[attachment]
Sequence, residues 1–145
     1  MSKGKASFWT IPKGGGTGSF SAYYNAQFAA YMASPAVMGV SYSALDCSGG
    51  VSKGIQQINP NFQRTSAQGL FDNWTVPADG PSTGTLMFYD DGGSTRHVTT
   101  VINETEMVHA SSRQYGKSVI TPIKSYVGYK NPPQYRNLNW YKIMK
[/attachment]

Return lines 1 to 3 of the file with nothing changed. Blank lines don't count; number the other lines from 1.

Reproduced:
Sequence, residues 1–145
     1  MSKGKASFWT IPKGGGTGSF SAYYNAQFAA YMASPAVMGV SYSALDCSGG
    51  VSKGIQQINP NFQRTSAQGL FDNWTVPADG PSTGTLMFYD DGGSTRHVTT